The death toll from the recent storm that brought snow, sleet, ice and subfreezing temperatures to Oklahoma since late last week rose to 8 on Monday.
The Oklahoma Department of Emergency Management reported the state medical examiner’s office has confirmed that the deaths were weather-related – including three fatal traffic accidents.
Before the revised number was released Monday afternoon, only one death had been linked to the weather, according to ODEM spokeswoman Keli Cain.
“We were waiting on the ME’s office for official confirmation that they were weather-related,” Cain said.
The victims include a 5-year-old killed in a traffic accident in Muskogee and a 6-year-old who fell through ice into a creek in Tulsa. The others are an 85-year-old man and 18-year-old man, both killed in auto accidents; a 56-year-old man and another man who died in fires; a 77-year-old woman who died of hypothermia and a 43-year-old man who was found dead in Oklahoma City – his cause of death is still pending.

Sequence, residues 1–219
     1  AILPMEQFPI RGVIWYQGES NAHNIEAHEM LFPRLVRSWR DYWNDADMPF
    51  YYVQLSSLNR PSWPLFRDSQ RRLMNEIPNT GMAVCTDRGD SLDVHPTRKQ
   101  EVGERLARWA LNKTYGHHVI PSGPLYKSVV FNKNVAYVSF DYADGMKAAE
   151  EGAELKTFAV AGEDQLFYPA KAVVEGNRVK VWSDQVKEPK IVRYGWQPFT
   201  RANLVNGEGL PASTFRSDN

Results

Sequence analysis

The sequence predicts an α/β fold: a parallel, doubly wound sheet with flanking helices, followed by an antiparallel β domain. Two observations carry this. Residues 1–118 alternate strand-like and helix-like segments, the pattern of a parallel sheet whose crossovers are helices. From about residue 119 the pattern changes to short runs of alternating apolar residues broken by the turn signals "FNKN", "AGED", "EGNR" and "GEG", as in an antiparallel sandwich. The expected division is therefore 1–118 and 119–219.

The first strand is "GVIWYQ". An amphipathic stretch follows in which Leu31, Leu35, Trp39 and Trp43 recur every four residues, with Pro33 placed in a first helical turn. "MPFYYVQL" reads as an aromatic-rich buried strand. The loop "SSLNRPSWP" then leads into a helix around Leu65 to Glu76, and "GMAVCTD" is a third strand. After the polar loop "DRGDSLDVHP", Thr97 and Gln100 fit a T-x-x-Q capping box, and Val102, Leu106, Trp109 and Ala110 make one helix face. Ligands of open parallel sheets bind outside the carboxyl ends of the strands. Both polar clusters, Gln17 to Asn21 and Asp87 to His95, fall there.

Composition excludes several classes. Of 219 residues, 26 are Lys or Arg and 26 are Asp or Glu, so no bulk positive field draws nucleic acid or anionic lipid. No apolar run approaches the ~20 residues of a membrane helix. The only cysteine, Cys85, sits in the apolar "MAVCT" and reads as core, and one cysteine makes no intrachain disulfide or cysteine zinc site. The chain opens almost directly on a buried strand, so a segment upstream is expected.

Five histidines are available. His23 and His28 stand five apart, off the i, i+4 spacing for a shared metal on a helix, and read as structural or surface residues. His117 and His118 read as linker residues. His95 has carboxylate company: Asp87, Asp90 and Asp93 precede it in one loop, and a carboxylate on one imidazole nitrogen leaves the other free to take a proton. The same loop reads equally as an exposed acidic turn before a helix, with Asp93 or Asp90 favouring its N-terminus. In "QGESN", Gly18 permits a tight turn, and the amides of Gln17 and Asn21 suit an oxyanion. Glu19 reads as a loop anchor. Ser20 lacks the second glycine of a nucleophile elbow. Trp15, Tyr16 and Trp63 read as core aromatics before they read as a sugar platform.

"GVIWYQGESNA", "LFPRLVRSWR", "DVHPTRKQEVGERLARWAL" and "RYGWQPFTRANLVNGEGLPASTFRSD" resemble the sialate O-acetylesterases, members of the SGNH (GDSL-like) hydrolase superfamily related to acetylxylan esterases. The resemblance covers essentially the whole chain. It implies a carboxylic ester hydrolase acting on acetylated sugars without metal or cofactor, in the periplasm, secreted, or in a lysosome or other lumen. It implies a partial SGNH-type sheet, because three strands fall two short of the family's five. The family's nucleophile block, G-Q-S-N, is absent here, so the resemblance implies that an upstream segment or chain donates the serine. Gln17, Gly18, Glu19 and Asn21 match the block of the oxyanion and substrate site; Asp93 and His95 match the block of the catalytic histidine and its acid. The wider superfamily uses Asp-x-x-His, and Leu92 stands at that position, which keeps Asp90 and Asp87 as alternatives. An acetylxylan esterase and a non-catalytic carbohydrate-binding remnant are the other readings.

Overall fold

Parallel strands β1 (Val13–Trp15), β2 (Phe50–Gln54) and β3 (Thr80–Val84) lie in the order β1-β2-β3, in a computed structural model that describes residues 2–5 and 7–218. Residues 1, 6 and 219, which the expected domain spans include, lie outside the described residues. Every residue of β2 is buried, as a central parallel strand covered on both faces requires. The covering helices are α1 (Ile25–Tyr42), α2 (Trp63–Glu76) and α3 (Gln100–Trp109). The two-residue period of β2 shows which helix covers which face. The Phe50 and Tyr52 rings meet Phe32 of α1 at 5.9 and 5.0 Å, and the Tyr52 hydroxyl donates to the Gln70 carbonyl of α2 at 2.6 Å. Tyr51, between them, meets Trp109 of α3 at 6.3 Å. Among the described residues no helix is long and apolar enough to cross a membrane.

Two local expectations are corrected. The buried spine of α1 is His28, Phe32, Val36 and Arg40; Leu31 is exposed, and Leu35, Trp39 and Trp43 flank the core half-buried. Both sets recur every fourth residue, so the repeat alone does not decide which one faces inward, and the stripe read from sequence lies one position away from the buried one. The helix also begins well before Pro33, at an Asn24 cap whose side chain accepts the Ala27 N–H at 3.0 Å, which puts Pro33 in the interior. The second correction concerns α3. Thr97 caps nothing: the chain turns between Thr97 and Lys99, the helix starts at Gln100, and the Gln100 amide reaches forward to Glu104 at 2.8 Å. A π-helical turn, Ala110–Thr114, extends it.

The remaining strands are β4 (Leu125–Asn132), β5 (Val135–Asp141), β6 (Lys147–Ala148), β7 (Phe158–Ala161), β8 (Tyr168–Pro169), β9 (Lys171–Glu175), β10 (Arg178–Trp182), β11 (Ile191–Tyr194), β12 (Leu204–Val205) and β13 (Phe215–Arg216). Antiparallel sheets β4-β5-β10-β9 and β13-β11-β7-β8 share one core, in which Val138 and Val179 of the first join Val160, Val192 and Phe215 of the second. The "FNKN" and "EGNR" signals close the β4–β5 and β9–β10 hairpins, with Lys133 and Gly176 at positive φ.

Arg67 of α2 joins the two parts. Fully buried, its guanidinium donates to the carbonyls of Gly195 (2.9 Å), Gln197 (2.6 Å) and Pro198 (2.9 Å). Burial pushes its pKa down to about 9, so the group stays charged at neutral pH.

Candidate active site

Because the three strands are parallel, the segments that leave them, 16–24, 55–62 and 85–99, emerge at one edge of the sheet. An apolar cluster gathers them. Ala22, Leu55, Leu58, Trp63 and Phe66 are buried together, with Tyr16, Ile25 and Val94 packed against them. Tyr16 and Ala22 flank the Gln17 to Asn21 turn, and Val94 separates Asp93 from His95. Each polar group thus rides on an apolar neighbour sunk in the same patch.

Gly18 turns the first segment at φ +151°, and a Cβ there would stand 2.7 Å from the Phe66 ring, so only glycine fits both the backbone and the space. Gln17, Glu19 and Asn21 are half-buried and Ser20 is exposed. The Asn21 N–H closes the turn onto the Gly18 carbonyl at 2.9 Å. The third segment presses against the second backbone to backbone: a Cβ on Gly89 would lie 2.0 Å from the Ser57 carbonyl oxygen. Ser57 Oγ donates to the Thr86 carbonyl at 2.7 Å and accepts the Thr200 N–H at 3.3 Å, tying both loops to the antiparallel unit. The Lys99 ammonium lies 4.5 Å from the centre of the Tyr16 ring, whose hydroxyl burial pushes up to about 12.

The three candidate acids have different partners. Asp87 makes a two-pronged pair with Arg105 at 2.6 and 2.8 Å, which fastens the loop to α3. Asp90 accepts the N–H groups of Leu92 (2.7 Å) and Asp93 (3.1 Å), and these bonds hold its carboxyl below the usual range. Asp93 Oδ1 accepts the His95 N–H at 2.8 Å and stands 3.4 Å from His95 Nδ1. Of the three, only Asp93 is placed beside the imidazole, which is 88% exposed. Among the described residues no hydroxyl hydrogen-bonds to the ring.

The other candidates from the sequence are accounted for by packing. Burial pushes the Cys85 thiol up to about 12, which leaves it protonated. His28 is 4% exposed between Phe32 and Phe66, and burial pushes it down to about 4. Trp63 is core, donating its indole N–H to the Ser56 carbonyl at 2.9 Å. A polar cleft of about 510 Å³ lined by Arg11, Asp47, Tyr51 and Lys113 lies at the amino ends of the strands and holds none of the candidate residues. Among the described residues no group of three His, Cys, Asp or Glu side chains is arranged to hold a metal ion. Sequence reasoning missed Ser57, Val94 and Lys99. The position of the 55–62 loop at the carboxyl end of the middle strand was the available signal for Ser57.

The names of the victims have not been released.
The medical examiner’s office had limited staffing from Thursday afternoon until Monday because of the storm, according to Amy Elliott, spokeswoman for the agency.
“In the case of house fires, we had to rule out arson. In auto accidents, we had to rule out issues such as a cardiac arrest, to confirm that it (the death) was weather-related,” Elliott said.
Cain said ODEM’s Emergency Operations Center is no longer active, but that state emergency personnel are available.
“Since we know there’s still power outages and a couple of shelters open, we still have ODEM personnel working with those emergency managers down in those areas,” primarily southeastern Oklahoma, Cain said.
The National Weather Service said light snow would continue falling across northern Oklahoma on Monday night with up to an additional two inches of accumulation. Overnight lows were to be between 10 to 20 degrees, and then a slight warming was expected to begin Tuesday, with highs expected from just above freezing to near 40 degrees.
The Oklahoma Corporation Commission reported more than 3,600 homes and businesses were still without power across the state Monday, 3,500 of which were customers of Choctaw Electric Cooperative in Choctaw, Pushmataha, LeFlore and McCurtain counties.
At the height of the storm Friday, there were more than 9,300 homes and businesses without power.
The American Red Cross had shelters open at Choctaw Nation Community Centers in Antlers and Hugo and at Friendship Baptist Fellowship church in Cameron.
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